Alternatively, if you get an investor who’s willing to pay cash for your home as you head into foreclosure, the lump sum they’ll pay you is enough to wipe out your entire mortgage. You can then use the cash for a fresh start.

5. Take Advantage of the Competition

Distressed homeowners and property investors have one thing in common: Time (or the lack thereof). Homeowners going into foreclosure want to offload their property as fast as possible.

Property investors, on the other hand, need to have cash in hand if they want to secure foreclosure homes. When your property goes into foreclosure, all an investor has to do is look up “foreclosures near me” and they’ll be presented with numerous options. Yours will likely pop up in the listings.

They will then approach you and offer to buy your home before the foreclosure process is completed. You can, therefore, negotiate with them to get the best deal on your home.

Cons of Going into Foreclosure

Going into foreclosure is always the last resort after all other avenues have failed. If you can’t get an investor to buy your property and it ends up going into foreclosure, the repercussions can be dire. Here are some disadvantages you should be wary of:

1. Your Credit Score Takes a Hit

At the risk of stating the obvious, going into foreclosure taints your credit score. This remains on your credit report for at least seven years.

Any future loans you might want to take will be a lot more expensive for you. You’ll have stricture loan requirements that might require you to put down a sizeable down payment that is completely out of reach for most people.

It doesn’t end there. It might affect your eligibility to apply for any form of credit, insurance or even rental housing.

2. Tax Implications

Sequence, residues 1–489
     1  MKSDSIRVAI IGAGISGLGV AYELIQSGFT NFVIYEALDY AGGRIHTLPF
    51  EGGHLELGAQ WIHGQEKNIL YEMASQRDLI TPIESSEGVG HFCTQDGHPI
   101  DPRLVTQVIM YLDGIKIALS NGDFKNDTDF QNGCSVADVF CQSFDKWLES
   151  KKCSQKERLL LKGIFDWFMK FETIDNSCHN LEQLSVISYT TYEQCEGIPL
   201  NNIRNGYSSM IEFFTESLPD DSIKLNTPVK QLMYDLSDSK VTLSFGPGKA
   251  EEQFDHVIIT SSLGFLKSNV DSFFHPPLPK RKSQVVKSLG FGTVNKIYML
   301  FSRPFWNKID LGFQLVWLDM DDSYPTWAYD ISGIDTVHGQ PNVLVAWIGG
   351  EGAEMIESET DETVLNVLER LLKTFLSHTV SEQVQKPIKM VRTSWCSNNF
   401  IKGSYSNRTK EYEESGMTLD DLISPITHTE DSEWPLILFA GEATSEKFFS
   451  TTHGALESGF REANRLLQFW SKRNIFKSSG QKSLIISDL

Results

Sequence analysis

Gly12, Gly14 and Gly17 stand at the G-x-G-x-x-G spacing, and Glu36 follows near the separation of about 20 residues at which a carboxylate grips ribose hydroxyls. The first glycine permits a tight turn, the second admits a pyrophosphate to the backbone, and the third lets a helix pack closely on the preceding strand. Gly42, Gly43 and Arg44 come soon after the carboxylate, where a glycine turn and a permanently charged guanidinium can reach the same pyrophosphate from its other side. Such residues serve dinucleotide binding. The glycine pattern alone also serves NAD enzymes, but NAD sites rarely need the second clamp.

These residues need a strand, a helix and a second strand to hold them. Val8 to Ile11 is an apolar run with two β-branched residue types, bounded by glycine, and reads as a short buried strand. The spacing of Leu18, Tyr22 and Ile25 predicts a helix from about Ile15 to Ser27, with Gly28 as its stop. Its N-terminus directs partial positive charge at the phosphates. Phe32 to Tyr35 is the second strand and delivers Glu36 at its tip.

Homeowners who go into foreclosure are left grappling with federal income tax issues. You‘ll still owe Uncle Sam taxes on any unforgiven mortgage loan balance. This wouldn’t be a problem if you sold your home to a property investor to clear your balance.

3. It’s Expensive

Lengthy foreclosure processes cost money. According to reports the average foreclosure costs associated with delinquency amount to $58,759.

That’s a heavy financial burden to bear. Selling to a property investor before it gets to that point is the best way out of the mess.

4. It’ll Be Difficult to Qualify for Another Mortgage

Going into foreclosure means that you won’t be able to apply for another mortgage for at least 7 years. The moment lenders notice that you have a foreclosure on your record they’ll simply shut the door on your application.

5. You Lose Equity from the Sale

It is in your best interest to sell a pre-foreclosed home to a property investor if you want to get more equity from the sale. If you wait until you go into foreclosure, the bank will only be looking to recover the amount you have left on your mortgage as opposed to trying to find the best deal out of the process.

Some Final Thoughts

Prevailing financial wisdom dictates that you should avoid going into foreclosure at all costs. Ensure that you consider all other options available to you before throwing in the towel.

If you’re headed into foreclosure and you need to sell your home fast consider getting a property investor to buy your property. You’ll typically have cash in your hands within a couple of days.

Are you going into foreclosure in Colorado Springs or Pueblo and need to sell your house quickly? Contact us today. We’ll be happy to answer any questions you might have.